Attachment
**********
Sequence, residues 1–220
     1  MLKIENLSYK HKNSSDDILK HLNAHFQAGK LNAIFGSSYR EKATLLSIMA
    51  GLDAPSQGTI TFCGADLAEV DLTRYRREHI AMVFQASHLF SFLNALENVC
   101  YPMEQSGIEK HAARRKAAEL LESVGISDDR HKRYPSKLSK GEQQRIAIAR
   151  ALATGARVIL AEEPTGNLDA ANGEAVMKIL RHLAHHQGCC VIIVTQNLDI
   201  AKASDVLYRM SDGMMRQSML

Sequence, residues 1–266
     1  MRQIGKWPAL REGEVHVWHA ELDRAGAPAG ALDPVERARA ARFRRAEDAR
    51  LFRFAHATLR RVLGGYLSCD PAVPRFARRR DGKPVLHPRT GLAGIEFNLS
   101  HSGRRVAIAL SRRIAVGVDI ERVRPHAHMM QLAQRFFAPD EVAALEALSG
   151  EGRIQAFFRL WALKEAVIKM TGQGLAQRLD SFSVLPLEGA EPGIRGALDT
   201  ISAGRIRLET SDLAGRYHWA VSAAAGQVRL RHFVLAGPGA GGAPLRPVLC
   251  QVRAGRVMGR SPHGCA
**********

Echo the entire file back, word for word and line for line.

Sequence, residues 1–220
     1  MLKIENLSYK HKNSSDDILK HLNAHFQAGK LNAIFGSSYR EKATLLSIMA
    51  GLDAPSQGTI TFCGADLAEV DLTRYRREHI AMVFQASHLF SFLNALENVC
   101  YPMEQSGIEK HAARRKAAEL LESVGISDDR HKRYPSKLSK GEQQRIAIAR
   151  ALATGARVIL AEEPTGNLDA ANGEAVMKIL RHLAHHQGCC VIIVTQNLDI
   201  AKASDVLYRM SDGMMRQSML

Sequence, residues 1–266
     1  MRQIGKWPAL REGEVHVWHA ELDRAGAPAG ALDPVERARA ARFRRAEDAR
    51  LFRFAHATLR RVLGGYLSCD PAVPRFARRR DGKPVLHPRT GLAGIEFNLS
   101  HSGRRVAIAL SRRIAVGVDI ERVRPHAHMM QLAQRFFAPD EVAALEALSG
   151  EGRIQAFFRL WALKEAVIKM TGQGLAQRLD SFSVLPLEGA EPGIRGALDT
   201  ISAGRIRLET SDLAGRYHWA VSAAAGQVRL RHFVLAGPGA GGAPLRPVLC
   251  QVRAGRVMGR SPHGCA